God Emperor of Dune
Pink Floyd's "Wish You Were Here" is about the Museum Fremen in God Emperor of Dune
is set thousands of years after the first three Dune books. The planet Rakis (formerly known as Arrakis) has become a lush paradise, although a small region is preserved as desert, and a small group of descendants of the Fremen still practice the old ways. They are considered more of a curiosity and a tourist attraction than anything and are now known as "Museum Fremen." The second verse of "Wish You Were Here" describes them perfectly:
"Did they get you trade
Your heroes for ghosts
Hot ashes for trees
Hot air for a cool breeze
Cold comfort for change?
Did you exchange
a walk-on part in the war
for a lead role in a cage?"
Since "Wish You Were Here" came out a few years before God Emperor of Dune, Pink Floyd is also capable of time travel.
- Actually, these lines were references to Syd Barrett's solo works.
Wish You Were Here is a concept album about Syd Barrett.
The song "Echoes" is told from the point of view of a whale
The piano "pings" are supposed to be echolocation, the line "And everything is green and submarine" could mean that it takes place underwater, as well as the whale calls, which may also tie in with the verse "So I throw the windows wide/And call to you across the sky"
(PLEASE NOTE: I put this here because The Dark Side Of The Moon doesn't have a Wild Mass Guessing page)
After thinking about the Dark Side Of The Moon album, I realized that it vaguely seems to resemble John Lennon's life. It's a little hard to explain, but here's what my thinking is:
"Speak To Me" - The Circumstances in which John Lennon was born; In war-torn England.
"Breathe" - John Lennon's birth and very young life.
"On The Run" - Representing John Lennon's Father who would leave Lennon's Mom, and wouldn't reconnect with John until later in John's life.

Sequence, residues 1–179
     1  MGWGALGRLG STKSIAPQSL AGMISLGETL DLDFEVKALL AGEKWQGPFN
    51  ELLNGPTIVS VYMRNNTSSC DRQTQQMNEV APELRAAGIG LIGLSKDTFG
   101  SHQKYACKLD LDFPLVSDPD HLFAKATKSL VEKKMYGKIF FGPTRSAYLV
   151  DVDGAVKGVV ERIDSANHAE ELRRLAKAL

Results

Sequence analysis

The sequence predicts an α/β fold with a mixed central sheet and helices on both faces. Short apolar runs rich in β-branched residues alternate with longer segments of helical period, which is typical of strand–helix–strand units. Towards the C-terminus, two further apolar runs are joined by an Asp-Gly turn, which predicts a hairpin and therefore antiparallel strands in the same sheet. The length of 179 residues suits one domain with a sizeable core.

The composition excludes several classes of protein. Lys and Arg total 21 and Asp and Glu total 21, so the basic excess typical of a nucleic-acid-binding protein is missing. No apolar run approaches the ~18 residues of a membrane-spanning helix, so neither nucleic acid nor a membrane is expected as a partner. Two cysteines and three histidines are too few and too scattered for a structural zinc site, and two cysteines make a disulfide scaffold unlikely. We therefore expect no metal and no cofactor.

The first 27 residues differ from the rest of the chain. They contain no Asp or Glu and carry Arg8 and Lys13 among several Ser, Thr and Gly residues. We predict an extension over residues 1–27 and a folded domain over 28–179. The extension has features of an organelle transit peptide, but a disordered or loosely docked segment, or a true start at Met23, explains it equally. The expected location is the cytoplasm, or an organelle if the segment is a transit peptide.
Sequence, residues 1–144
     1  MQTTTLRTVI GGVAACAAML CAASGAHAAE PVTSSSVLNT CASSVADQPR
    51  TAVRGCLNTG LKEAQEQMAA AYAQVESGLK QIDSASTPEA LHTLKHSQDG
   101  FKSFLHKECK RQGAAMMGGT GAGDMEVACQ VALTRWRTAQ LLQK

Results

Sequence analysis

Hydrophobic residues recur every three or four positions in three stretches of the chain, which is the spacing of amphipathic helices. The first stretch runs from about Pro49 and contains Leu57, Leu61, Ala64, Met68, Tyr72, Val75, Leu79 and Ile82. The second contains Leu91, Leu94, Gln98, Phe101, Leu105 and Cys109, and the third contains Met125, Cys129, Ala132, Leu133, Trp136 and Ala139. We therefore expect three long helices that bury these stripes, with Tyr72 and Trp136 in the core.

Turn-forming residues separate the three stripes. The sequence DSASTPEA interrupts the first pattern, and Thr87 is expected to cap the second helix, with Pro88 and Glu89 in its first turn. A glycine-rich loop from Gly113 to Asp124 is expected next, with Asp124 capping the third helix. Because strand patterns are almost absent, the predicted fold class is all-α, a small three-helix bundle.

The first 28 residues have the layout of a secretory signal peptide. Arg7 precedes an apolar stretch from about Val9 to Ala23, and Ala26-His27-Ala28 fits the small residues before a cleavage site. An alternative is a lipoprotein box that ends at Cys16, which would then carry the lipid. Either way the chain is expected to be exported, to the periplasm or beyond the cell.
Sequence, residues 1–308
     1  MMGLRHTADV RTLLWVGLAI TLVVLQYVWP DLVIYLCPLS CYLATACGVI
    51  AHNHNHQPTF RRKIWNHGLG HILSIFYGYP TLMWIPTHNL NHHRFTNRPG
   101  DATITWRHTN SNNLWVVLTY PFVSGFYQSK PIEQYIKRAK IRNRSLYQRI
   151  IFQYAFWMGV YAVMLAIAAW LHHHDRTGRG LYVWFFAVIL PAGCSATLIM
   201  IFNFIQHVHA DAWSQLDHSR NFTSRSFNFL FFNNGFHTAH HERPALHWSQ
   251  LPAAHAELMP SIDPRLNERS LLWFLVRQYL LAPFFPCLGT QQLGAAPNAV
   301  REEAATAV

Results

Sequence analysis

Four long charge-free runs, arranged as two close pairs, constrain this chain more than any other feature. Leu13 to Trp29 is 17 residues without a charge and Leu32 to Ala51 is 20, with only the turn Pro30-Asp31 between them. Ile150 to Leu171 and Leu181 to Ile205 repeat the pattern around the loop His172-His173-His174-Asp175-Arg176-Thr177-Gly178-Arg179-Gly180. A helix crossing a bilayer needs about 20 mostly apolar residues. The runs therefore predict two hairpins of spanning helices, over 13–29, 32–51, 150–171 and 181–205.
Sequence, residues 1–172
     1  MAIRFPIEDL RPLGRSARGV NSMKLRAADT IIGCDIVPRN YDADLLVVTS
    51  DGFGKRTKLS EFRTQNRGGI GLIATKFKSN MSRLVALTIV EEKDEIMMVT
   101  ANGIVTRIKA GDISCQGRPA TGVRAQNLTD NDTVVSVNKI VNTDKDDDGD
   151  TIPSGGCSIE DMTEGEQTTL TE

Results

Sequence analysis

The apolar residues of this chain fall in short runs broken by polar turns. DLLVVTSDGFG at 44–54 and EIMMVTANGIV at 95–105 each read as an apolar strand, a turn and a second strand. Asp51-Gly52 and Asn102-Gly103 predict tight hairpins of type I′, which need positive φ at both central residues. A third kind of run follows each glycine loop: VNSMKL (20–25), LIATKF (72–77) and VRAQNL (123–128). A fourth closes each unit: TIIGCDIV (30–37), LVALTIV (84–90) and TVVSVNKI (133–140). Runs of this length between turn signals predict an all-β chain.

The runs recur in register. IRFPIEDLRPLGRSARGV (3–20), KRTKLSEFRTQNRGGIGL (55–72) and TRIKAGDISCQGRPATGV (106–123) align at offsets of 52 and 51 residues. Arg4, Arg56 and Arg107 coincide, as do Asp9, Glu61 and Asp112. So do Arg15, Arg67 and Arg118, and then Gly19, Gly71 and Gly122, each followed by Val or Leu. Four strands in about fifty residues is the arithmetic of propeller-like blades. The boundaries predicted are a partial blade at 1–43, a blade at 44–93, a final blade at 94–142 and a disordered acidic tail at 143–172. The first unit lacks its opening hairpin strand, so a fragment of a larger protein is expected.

"Time/Breathe (Reprise) + The Great Gig In The Sky" - Which describe John Lennon growing up, as well as the Death of his Uncle and his Mother.
"Money" - John Lennon's success with the Beatles.
"Us And Them" - The Eventual Break up of the Beatles.
"Any Color You Like" - John Lennon's life After the Beatles, specifically his Retirement.
"Brain Damage" - Mark Chapman Shooting John Lennon.
"Eclipse" - John Lennon's Death.
- Obvious problem with the above: The Dark Side Of The Moon was released in 1973. Lennon died in 1980. How could they have known what would happen to him?
is a metaphor for every childhood star.
- Think about it. Pink has bricks in a wall to keep him from interacting with "commoners" as a young sensation. Later on in life, the wall inhibits his ability to cope with his scars that fame brings. So he goes to drugs, and the people find out and put him on trial for his drug habit (and insanity.)
- I always felt that the events of The Wall were implied to not only have already happened before(with the bookends of "Isn't this where we came in?"), it's also a never-ending loop of events that poor Pink and by extension us as I also felt that the opening song, "In The Flesh?" is directly addressing you/us/the listener, are doomed to repeat.